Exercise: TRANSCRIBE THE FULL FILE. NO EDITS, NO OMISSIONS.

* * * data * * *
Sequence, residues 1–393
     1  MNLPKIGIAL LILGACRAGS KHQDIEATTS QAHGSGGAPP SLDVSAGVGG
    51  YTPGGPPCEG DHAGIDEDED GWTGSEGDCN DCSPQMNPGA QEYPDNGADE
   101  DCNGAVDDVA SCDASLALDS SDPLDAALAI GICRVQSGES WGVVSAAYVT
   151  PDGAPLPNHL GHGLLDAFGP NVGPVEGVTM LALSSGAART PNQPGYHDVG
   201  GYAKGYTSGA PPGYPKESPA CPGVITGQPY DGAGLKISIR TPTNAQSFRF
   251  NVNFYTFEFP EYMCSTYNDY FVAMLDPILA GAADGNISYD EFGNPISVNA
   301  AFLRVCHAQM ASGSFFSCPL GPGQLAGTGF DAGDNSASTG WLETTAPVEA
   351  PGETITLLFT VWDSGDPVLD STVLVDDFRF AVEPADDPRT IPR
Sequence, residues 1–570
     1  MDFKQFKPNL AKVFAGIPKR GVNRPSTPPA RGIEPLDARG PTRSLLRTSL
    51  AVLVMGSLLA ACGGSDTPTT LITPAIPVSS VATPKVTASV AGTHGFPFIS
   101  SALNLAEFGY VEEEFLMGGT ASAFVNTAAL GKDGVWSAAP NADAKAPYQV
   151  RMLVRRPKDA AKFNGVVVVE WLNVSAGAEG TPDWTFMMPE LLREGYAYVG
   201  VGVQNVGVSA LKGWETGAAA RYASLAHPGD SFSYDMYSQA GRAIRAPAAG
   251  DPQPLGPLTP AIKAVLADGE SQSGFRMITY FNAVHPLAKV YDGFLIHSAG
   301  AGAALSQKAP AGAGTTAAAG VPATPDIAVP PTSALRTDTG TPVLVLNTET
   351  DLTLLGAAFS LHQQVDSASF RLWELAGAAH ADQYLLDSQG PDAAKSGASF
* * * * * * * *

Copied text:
Sequence, residues 1–393
     1  MNLPKIGIAL LILGACRAGS KHQDIEATTS QAHGSGGAPP SLDVSAGVGG
    51  YTPGGPPCEG DHAGIDEDED GWTGSEGDCN DCSPQMNPGA QEYPDNGADE
   101  DCNGAVDDVA SCDASLALDS SDPLDAALAI GICRVQSGES WGVVSAAYVT
   151  PDGAPLPNHL GHGLLDAFGP NVGPVEGVTM LALSSGAART PNQPGYHDVG
   201  GYAKGYTSGA PPGYPKESPA CPGVITGQPY DGAGLKISIR TPTNAQSFRF
   251  NVNFYTFEFP EYMCSTYNDY FVAMLDPILA GAADGNISYD EFGNPISVNA
   301  AFLRVCHAQM ASGSFFSCPL GPGQLAGTGF DAGDNSASTG WLETTAPVEA
   351  PGETITLLFT VWDSGDPVLD STVLVDDFRF AVEPADDPRT IPR
Sequence, residues 1–570
     1  MDFKQFKPNL AKVFAGIPKR GVNRPSTPPA RGIEPLDARG PTRSLLRTSL
    51  AVLVMGSLLA ACGGSDTPTT LITPAIPVSS VATPKVTASV AGTHGFPFIS
   101  SALNLAEFGY VEEEFLMGGT ASAFVNTAAL GKDGVWSAAP NADAKAPYQV
   151  RMLVRRPKDA AKFNGVVVVE WLNVSAGAEG TPDWTFMMPE LLREGYAYVG
   201  VGVQNVGVSA LKGWETGAAA RYASLAHPGD SFSYDMYSQA GRAIRAPAAG
   251  DPQPLGPLTP AIKAVLADGE SQSGFRMITY FNAVHPLAKV YDGFLIHSAG
   301  AGAALSQKAP AGAGTTAAAG VPATPDIAVP PTSALRTDTG TPVLVLNTET
   351  DLTLLGAAFS LHQQVDSASF RLWELAGAAH ADQYLLDSQG PDAAKSGASF